“…I, who for years had questioned others…” --Günter Grass, 1979
The line between moralist and schmuck is very thin.
A posture of atonement runs through the work of German writer Günter Grass. For the Nobel laureate, the Holocaust has been a didactic perch from which to lecture his countrymen.
Grass depicted Kristallnacht in his most famous novel from 1959, The Tin Drum. His Holocaust-themed essays include “A Father’s Difficulties in Explaining Auschwitz to His Children” and “Willy Brandt at the Warsaw Ghetto.”
“I was five years old when Hitler and the National Socialists took power,” Grass remarked in 1983. “I was thirty before I realized that my whole life—and my children’s and their children’s lives as well—would be blighted by the effects of that seizure of power.”
Grass opposed the unification of West and East Germany in 1990 with more references to the Holocaust: “This state [unified Germany, established in 1871] laid the foundation for Auschwitz. It formed the power base for the latent anti-Semitism that existed in other places as well. It helped provide an appallingly firm foundation for the radical ideology of National Socialism.” Grass added a dire prediction that has yet to come true:
Anyone thinking about Germany these days and looking for an answer to the German Question must include Auschwitz in his thoughts. That place of terror, that permanent wound, makes a future unified German state impossible. And if such a state is nevertheless insisted upon, it will be doomed to failure.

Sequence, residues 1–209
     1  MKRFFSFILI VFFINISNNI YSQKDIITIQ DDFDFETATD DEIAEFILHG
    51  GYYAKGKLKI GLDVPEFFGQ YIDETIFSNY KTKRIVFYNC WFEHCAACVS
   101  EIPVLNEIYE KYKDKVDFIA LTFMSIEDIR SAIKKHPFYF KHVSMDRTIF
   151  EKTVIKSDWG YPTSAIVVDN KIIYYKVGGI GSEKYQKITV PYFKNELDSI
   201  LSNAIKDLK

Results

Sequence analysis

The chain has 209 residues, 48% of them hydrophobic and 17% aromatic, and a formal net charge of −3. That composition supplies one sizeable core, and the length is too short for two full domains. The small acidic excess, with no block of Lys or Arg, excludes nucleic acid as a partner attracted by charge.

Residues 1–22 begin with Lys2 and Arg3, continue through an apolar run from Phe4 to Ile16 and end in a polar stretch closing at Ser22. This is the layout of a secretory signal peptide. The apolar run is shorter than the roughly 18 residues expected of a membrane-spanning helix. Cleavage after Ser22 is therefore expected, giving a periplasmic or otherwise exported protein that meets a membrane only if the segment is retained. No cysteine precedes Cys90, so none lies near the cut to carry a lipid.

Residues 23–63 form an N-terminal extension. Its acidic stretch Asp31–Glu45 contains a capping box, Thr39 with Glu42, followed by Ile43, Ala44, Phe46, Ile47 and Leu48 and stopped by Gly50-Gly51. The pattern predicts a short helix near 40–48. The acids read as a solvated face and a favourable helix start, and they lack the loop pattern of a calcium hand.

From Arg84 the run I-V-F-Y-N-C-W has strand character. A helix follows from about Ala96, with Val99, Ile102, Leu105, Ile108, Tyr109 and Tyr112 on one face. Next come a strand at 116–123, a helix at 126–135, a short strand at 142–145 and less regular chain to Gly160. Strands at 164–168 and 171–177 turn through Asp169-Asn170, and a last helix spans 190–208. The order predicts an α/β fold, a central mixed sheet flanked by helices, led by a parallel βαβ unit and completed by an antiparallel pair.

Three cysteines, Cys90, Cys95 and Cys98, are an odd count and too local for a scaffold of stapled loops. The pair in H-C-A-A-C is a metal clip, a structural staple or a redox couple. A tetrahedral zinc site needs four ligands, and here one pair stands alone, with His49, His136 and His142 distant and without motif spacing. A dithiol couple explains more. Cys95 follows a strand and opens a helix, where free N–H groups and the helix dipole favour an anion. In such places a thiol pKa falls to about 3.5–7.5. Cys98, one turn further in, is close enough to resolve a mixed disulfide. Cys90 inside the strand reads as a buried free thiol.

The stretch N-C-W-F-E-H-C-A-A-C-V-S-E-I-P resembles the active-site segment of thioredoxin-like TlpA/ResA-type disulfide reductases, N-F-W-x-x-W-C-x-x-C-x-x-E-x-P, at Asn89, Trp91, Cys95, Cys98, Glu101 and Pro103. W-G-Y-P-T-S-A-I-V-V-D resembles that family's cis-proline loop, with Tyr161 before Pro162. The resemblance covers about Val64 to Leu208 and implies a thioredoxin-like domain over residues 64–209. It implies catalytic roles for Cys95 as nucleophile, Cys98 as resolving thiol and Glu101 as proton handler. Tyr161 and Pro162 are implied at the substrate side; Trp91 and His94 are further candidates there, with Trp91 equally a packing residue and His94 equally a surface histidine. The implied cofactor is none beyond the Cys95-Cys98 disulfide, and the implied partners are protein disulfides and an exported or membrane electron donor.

Given this persistent insistence on national memory and guilt, one wonders: How did Grass the Righteous Prophet behave during World War II?
In August before the release of his new memoir, Peeling Onions, Grass revealed that he served in a combat unit of the SS toward the end of the war. The pre-publication timing and belatedness of this revelation has angered many Germans.
“His long years of silence over his own SS past reduce his earlier statements to absurdities,” president of Germany’s Central Council of Jews Charlotte Knobloch remarked.
On the one hand, the SS conscripted the 17-year-old Grass. It seems unreasonable to condemn a man for adolescent behavior begotten by force.
Then again, Grass wasn’t a reluctant teenage Nazi. He has described “my bedazzlement as a Hitler Youth,” an unsuccessful attempt to volunteer for submarine duty, and recounted in 1995 on the 50th anniversary of Germany’s surrender, “…on May 8, I was a naïve 17-year-old who had believed in the ultimate victory right to the end…for me it was not the hour of liberation; rather, I was beset by the empty feeling of humiliation following total defeat.”